"anyone lived in a pretty how town"
I first read this poem and I thought of love, two people in love. Anyone and noone are in love and that is what matters to them, to be in love with each other and with life. It involves the day, the night, and how the weather changes. The seasons revolve and the children grow up to become adults. As I read the poem I realized there were three sections to it. Which consist of anyone and noone, "women and men" in line four, and the children. The first stanza is strange the first time you read it. You do not understand "anyone" is a person and not just anyone. I believe that line six is referring to all of the adults in the town, Cummings does not want us to think of the town people as separate people but as a whole group undistinguishable from on another. This is told in line five where it states "little and small", he is grouping them in very close together. The children are separated into there own group. As they grow through the seasons in lines nine, ten, and eleven, they pass on into adulthood. They in essence no longer exist in the poem. The bells ringing might have something to do with them becoming adults, since I do not see them relating to any other parts of the poem. The bells seem to be an important part of the town since they are mentioned in the second line of the poem and those exact lines are repeated in line twenty-four, sixth stanza of the poem. The bells are related to the children and their death, because they only ring when the children are mentioned. The portion of line two which states "many bells down", is possibly referring to the death of the children and somewhat the death of anyone and noone. The reference to death in lines twenty-nine and thirty by stating "deep by deep" and "more by more they dream their sleep" shows how they surcome to death. In line thirty-three "ding and dong" I think could be anyone and noone.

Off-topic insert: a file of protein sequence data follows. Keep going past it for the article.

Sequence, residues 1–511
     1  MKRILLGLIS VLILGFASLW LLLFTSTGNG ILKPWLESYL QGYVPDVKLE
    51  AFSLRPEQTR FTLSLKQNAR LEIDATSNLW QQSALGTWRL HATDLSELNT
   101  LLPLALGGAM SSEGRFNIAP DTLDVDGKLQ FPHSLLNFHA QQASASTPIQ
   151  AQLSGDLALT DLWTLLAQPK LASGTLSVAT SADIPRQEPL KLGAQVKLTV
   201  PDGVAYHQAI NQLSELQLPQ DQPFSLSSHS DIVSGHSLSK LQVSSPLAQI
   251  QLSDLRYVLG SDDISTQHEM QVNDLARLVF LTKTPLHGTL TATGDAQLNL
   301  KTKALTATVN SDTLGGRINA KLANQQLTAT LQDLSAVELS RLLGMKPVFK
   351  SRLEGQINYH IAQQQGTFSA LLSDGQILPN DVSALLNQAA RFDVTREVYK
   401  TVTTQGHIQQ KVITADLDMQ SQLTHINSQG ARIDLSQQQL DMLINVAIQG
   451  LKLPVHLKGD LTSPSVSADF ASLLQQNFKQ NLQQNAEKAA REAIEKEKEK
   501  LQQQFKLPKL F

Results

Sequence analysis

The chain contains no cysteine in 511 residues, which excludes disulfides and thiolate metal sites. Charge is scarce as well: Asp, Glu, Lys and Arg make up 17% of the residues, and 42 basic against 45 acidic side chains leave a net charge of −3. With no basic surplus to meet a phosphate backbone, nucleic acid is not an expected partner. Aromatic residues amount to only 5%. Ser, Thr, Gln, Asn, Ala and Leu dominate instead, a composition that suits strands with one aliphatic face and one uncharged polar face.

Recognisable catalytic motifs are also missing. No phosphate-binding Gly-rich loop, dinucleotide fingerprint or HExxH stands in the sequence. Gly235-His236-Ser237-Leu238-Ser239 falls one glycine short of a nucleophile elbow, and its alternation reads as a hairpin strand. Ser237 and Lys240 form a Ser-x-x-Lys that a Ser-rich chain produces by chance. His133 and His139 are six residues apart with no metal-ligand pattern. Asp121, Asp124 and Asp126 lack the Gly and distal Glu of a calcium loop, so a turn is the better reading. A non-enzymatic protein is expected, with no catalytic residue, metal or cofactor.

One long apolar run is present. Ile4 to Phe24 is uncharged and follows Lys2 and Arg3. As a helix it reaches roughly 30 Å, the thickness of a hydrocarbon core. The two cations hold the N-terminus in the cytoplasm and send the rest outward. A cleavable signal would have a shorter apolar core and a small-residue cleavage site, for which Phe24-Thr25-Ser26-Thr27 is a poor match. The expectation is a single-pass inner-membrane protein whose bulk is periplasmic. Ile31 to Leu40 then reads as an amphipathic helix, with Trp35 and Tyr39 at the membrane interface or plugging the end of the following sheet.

Death is a part of the poem but the turning point lies in line twenty-five, which states: "one day anyone died i guess". The main focal point is the uncapitalized "i", in analyzing poems I have begun to look at punctuation to tell me something about the author and look more deeply into the poem and it’s meaning. The uncapatilized "i" gives a detached feeling when you look at the line closely. It seems as though he could be detached because of the death that surrounds this poem, has if does...